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Fashion Folio: Vivian Luk’s New Imaginative and prescient

Fashion Folio: Vivian Luk’s New Imaginative and prescient

Beloved Hong Kong fashion designer Vivian Luk talks about how her struggle inspired her to shift her creative gears and emerge as a force to be reckoned with.

Vivian Luk has been one of Hong Kong’s favourite bridal designers for more than 10 years, during which she endured two battles with cancer. The disease made Luk pause, reflect and reassess, posing questions about her identity as a designer and a person. When she presented her new vision for Vivian Luk Atelier – which embraced a ready-to-wear category – as part of St Regis’s House of Celebration campaign, one thing was clear: the star had been reborn and was shining brighter than ever.

Over a coffee at her cosy studio, which looks like a fairy godmother’s workshop, Luk discusses the journey that brought her to where she is now.

Vivian Luk, taken by @lamma

How did you get into fashion?

Growing up in Canada, I loved music and drama but was also interested in costumes and clothes. I moved to New York to study at the Fashion Institute, where I learned tailoring, and then I went to Parsons because they’re a bit more creative. I also interned [at Donna Karan and DKNY]. I liked the idea that designers can be quiet, which is what I’d wanted to do all along – I was never interested in starting my own thing. I then worked as the head of designer’s assistant at Vera Wang. One day, Vera asked me to sketch for the red carpet. So, I was doing a lot of that and bridal for her before returning to Hong Kong. I didn’t do ready-to-wear from the get-go because I thought I had more of an edge in red carpet and bridal.

Vivian Luk’s Lotus jacket

How did you fare in Hong Kong?

I started doing bridal and did that for around 10 years before giving birth. But when I was pregnant, I got sick. We did a charity show during that time, too, because, since I had cancer, I wanted to give back to people who also suffered from the disease. I continued working through sickness. And then, four years later, I got sick again. So I changed my lifestyle and stopped for a bit. The funny thing is, I didn’t feel stressed, because when you love what you do, you don’t feel it. But then, maybe the adrenaline wasn’t working for my body. So I closed the shop and worked at home. Then Covid-19 happened. I didn’t have to worry about my staff going to work, and all the weddings got postponed. I started teaching fashion design to kids. I taught them draping with paper, because it’s something I know I’m good at and because paper is easier to work with than fabric. I wanted to teach those kids how to create a silhouette.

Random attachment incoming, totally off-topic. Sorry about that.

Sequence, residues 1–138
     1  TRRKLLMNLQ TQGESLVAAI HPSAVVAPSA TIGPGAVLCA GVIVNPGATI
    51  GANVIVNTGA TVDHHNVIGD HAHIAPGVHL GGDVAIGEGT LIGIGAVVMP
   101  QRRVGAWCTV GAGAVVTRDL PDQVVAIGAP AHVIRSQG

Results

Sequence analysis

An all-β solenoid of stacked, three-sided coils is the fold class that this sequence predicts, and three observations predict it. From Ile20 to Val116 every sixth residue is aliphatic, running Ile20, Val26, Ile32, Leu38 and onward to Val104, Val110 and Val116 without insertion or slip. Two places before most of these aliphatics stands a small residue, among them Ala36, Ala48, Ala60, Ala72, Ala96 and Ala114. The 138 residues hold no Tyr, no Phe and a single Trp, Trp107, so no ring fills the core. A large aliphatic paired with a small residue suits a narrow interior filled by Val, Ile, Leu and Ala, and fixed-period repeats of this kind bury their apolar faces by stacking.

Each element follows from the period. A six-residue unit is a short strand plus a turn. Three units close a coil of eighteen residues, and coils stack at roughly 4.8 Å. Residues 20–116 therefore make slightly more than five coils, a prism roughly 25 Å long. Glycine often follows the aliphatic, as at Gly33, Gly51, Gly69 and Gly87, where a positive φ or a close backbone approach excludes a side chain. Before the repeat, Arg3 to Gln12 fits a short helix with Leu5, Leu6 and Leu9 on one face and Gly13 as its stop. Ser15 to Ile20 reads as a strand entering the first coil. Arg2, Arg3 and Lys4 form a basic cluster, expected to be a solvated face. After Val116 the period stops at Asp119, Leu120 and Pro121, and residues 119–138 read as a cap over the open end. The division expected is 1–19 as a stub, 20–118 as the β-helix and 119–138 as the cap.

What’s the most challenging aspect of the work you do?

All my pieces are hard to make because everything is curved. There are no straight lines, nothing matches and it’s asymmetrical. I get a lot of comments from my staff that they think my creations are hard to make. But I want to say that working with people is the hardest part. I get a lot of good clients, but then there’s always this one person who doesn’t get it, and you end up with too many chefs in the kitchen.

Vivian Luk’s sketch

Tell us about your friendship with couturier Barney Cheng.

When I first came to Hong Kong, I went to see if he’d hire me. He saw my work and said that I should do my own thing. We’re still friends – he’s almost like my big brother. He makes me feel like I have someone watching my back.

See Also

Do you have a style heroine?

Angelina Jolie. I mean, I love people who surprise you with their juxtaposition of feminine and masculine.

Which book are you reading at the moment?

Where the Forest Meets the Stars by Glendy Vanderah. It’s about a man going through an identity and emotional battle, whose partner is a woman coming out of her own battle with cancer. Then this little girl shows up in their lives behaving like she’s not from this world. I connect to it, as it’s how I felt during Covid.

Source: Prestige Online

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